China has criticised the BBC for its reporting on coronavirus and the persecution of ethnic minority Uighurs.
The BBC said it was "disappointed" by the decision.
It follows British media regulator Ofcom revoking state broadcaster China Global Television Network's (CGTN) licence to broadcast in the UK.
Ofcom's decision earlier this month came after it found that CGTN's licence was wrongfully held by Star China Media Ltd.
CGTN was also found in breach of British broadcasting regulations last year, for airing the allegedly forced confession of UK citizen Peter Humphrey.
In its decision, China's State Film, TV and Radio Administration said BBC World News reports about China were found to "seriously violate" broadcast guidelines, including "the requirement that news should be truthful and fair" and not "harm China's national interests".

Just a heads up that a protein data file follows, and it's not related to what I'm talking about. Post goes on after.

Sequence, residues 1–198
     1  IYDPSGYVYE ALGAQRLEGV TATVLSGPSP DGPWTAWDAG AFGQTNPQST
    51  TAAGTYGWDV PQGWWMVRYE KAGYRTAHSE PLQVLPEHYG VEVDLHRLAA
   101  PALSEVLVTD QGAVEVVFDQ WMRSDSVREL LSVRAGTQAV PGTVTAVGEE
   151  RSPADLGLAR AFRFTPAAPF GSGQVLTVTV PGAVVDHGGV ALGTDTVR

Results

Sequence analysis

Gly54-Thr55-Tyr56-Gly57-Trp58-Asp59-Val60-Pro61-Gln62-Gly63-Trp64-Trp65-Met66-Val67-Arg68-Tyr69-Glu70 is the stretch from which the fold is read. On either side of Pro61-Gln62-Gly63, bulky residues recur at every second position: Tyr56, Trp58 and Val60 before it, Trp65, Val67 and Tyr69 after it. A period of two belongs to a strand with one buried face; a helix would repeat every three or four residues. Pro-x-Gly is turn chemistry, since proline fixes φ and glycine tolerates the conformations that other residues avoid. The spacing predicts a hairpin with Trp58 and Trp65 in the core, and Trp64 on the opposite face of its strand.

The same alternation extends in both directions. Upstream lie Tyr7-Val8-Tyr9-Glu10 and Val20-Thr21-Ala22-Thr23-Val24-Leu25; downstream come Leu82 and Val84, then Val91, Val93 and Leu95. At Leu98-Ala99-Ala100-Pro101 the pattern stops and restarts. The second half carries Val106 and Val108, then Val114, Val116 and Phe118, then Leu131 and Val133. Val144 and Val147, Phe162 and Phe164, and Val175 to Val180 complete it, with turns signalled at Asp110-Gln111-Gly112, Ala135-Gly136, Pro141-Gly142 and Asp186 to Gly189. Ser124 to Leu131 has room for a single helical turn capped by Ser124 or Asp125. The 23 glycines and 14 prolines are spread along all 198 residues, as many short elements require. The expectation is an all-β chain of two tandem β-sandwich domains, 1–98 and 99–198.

It said that the BBC's application to air for another year would not be accepted.
The BBC said in a statement: 'We are disappointed that the Chinese authorities have decided to take this course of action. The BBC is the world's most trusted international news broadcaster and reports on stories from around the world fairly, impartially and without fear or favour."
The commercially-funded BBC World News TV channel broadcasts globally in English. In China it is largely restricted and appears only in international hotels and some diplomatic compounds, meaning most Chinese people cannot view it.
British Foreign Secretary Dominic Raab called the move an "unacceptable curtailing of media freedom".